15 Curious Facts We Learned From 1987 Topps Baseball Cards

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The backs of 1987 Topps baseball cards contained a fun feature: amazing facts about the players! Or in many cases, declarative statements regarding their hobbies ("Candy Maldonado finds traveling an enjoyable experience.") You learned where players went to high school, what other sports they like, and the names of their children. But some cards shared more. Here are some of the more insightful, curious, or downright crazy things we learned about the professional baseball players of 1987:

1. Howard Johnson, New York Mets

2. Moose Haas, Oakland A's

3. Ozzie Smith, St. Louis Cardinals

4. Sid Fernandez, New York Mets

5. Jim Traber, Baltimore Orioles

[Wait, what? Why hasn't there been a 30 for 30 on this?]

6. Carney Lansford, Oakland A's

7. Mickey Brantley, Seattle Mariners

8. Daryl Boston, Chicago White Sox

9. R.J. Reynolds, Pittsburgh Pirates

10. Joaquin Andujar, Oakland A's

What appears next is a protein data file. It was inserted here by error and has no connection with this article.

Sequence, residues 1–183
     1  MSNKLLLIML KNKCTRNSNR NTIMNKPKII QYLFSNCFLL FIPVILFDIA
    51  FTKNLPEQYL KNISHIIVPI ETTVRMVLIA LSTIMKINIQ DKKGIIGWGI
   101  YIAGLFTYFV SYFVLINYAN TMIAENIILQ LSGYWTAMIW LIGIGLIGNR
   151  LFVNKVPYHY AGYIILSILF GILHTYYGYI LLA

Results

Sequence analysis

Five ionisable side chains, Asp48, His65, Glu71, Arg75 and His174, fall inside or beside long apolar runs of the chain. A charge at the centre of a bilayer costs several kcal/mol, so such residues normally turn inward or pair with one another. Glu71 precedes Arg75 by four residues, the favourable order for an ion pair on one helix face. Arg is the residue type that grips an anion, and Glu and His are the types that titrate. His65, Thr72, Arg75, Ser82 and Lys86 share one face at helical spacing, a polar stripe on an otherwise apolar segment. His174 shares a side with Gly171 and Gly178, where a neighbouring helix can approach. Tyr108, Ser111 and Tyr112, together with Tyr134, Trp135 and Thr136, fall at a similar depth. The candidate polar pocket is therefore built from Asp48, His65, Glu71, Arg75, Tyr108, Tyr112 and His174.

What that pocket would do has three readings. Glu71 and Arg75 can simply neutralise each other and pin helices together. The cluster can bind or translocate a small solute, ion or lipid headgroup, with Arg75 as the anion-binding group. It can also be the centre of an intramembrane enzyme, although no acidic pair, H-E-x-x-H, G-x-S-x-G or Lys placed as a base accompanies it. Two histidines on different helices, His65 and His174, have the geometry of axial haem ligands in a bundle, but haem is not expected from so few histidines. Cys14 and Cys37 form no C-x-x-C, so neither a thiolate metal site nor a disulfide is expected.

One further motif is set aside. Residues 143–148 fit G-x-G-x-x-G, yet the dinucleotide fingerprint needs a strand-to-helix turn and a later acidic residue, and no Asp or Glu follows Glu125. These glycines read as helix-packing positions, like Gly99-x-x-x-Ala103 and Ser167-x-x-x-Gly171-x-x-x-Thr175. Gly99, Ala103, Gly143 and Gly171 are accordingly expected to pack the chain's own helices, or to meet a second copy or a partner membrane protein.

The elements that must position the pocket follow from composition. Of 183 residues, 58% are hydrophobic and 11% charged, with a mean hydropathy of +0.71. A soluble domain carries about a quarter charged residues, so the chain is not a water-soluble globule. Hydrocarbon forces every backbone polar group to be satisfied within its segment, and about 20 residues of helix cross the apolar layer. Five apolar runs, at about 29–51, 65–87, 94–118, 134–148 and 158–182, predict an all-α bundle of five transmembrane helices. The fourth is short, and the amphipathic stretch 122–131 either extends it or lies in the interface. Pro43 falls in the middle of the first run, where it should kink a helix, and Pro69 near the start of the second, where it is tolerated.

11. Keith Moreland, Chicago Cubs

12. Charlie Kerfeld, Houston Astros

13. Kevin Mitchell, New York Mets

14. Bill Caudill, Toronto Blue Jays

15. Aurelio Lopez, Houston Astros

Any time we talk about baseball cards I feel compelled to plug Dave Jamieson's wonderful book Mint Condition: How Baseball Cards Became a National Obsession. Dave described the 1987 Topps cards like this: "At age eight, I fell in love with the most unusual offering of the decade. That year, the Topps designers chose to frame player photos with a distinctive wood-grain trim. It didn't resemble anything that sprouted in the natural world—it was more like the faux wood siding on your mother's Plymouth station wagon, or the flimsy wood-effect paneling on the walls of your neighbor's basement...[But] if you suffered from severe cartophilia, as I did, then you simply had to have it."

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May 24, 2013 - 3:08pm
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